So in advance, let’s recap what we know and revisit the history of this program, the seeds of which were planted about a decade ago. But it really didn’t begin to take form until 2014, when the city rolled out a pilot program in the East Village to test new technologies capable of dimming and brightening lights from afar.
San Diego’s Environmental Services Department persuades the City Council to expand the pilot program. General Electric offers to loan $30 million so that the city can retrofit thousands of its streetlights with GE technologies. Most of the public deliberation is focused on the interest rate of the loan and the long-term maintenance costs of the equipment. Officials say the energy savings will pay for the program over a 13-year period.
The law enforcement capabilities of the devices are known to officials but don’t get airtime. A single page buried within a packet of documents mentions “surveillance” and “gun shot detection.” No one asks about it, and officials don’t bring it up at either the committee or City Council levels.
As the devices are later rolled out across the city, officials and their financial partners in the private sector tout the ability of the sensors to capture environmental and mobility data in their promotional materials and news reports.
By August, SDPD is seeing the full crime-fighting potential of the cameras and pulls footage in connection to a grisly murder in the Gaslamp with the permission of city managers. Jordon later says he’s “hooked” on devices, even if the cameras aren’t always located in the most convenient places for investigators.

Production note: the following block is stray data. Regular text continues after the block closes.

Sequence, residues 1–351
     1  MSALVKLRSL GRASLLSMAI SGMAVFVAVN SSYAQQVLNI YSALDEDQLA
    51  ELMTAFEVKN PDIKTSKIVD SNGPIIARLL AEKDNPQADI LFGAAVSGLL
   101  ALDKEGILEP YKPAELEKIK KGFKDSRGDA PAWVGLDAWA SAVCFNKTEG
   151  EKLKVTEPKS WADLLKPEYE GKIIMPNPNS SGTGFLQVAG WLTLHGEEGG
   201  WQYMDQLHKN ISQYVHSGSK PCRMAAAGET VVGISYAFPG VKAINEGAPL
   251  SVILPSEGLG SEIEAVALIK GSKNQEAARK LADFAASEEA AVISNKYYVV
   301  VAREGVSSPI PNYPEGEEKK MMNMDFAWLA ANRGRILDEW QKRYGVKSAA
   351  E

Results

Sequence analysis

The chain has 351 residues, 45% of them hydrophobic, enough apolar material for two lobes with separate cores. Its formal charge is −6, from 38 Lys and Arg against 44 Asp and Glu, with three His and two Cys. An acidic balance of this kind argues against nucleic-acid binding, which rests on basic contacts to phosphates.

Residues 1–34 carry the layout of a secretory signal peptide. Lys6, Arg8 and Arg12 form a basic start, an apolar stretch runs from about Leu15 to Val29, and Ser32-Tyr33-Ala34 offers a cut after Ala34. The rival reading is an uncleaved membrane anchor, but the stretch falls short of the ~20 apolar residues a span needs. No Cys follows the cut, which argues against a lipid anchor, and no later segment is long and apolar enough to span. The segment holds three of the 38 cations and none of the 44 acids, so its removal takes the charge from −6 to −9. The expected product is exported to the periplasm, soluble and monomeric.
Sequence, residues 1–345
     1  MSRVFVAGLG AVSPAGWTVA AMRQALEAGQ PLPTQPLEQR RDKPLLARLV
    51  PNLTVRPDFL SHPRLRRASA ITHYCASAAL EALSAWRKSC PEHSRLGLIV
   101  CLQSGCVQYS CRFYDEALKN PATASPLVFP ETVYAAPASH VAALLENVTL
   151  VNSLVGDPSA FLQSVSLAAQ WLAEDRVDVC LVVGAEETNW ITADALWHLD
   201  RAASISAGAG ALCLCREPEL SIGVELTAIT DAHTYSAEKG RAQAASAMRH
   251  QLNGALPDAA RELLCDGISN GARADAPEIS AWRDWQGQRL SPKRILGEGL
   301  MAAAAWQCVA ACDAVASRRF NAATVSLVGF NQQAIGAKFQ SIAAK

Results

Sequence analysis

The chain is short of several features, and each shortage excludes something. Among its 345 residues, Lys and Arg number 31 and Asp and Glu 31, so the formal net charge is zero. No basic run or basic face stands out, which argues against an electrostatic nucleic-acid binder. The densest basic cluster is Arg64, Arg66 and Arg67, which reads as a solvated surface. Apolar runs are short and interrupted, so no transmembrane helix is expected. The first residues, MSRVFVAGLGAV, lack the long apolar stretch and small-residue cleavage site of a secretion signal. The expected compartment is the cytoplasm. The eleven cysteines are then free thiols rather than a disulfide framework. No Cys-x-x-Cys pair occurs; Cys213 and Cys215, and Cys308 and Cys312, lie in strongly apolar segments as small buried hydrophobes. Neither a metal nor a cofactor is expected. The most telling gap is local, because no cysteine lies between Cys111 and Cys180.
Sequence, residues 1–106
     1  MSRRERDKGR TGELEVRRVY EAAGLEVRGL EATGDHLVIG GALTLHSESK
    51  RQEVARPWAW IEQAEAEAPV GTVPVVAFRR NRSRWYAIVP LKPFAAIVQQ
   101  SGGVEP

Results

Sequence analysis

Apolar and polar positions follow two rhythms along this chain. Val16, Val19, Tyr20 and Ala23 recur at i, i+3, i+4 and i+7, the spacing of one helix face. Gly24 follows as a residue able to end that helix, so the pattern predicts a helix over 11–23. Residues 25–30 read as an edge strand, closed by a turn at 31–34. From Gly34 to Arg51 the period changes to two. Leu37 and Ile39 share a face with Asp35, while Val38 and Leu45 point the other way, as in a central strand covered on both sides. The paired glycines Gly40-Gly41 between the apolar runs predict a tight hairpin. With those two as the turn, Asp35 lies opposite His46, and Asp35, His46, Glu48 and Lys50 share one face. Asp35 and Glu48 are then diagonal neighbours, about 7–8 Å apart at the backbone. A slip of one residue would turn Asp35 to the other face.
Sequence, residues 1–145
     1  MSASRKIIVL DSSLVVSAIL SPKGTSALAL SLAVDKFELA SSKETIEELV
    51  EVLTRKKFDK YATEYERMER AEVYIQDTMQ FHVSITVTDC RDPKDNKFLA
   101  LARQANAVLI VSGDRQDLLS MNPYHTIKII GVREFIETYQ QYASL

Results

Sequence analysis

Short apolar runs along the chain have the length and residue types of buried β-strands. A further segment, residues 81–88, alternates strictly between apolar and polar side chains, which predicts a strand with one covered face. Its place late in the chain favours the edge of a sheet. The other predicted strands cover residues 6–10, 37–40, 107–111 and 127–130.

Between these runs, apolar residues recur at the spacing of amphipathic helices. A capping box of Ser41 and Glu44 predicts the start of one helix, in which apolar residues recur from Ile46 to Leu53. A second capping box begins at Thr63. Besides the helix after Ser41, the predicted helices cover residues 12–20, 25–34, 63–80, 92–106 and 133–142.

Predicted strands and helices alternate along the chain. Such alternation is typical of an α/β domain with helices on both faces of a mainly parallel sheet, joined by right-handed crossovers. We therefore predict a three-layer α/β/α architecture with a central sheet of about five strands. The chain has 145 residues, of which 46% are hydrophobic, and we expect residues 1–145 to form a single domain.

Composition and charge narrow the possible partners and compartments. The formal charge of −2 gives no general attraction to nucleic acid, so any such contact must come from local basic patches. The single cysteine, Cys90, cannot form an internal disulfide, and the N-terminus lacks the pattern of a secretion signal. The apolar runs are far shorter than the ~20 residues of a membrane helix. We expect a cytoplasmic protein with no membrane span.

SDPD officials start informing the City Council of their access to the streetlights. By the time everyone’s informed, it’s been months since police pulled the first video.
In response to feedback from community members and the City Council and in acknowledgment that they’ve walked backward into a messy situation — trying to rethink policy for technology long after it’s been deployed — city officials create a website and begin holding public meetings to answer questions and calm growing concerns. They note that the footage automatically deletes itself after five days. The cameras are only aimed in public rights of way. The equipment can’t pan or tilt and can’t recognize faces or license plates (yet).
By then, management of the smart streetlights program had been handed to the city’s Sustainability Department.
SDPD posts a memo to its website outlining its procedures for accessing the devices. Jordon later says it’s a living document that will change over time.
Jordon gives a presentation to the Public Safety Committee explaining how SDPD is accessing the devices. He insists that investigators are only looking for footage in connection with the most serious crimes. What constitutes a serious crime, he later tells me, is determined on an individual basis to protect the loss of life and property.
Activists hold a rally outside City Hall to urge the mayor to hit pause on the program until their privacy concerns are addressed. Three City Council members — Gómez, Montgomery and Ward — echo that request in a statement of their own.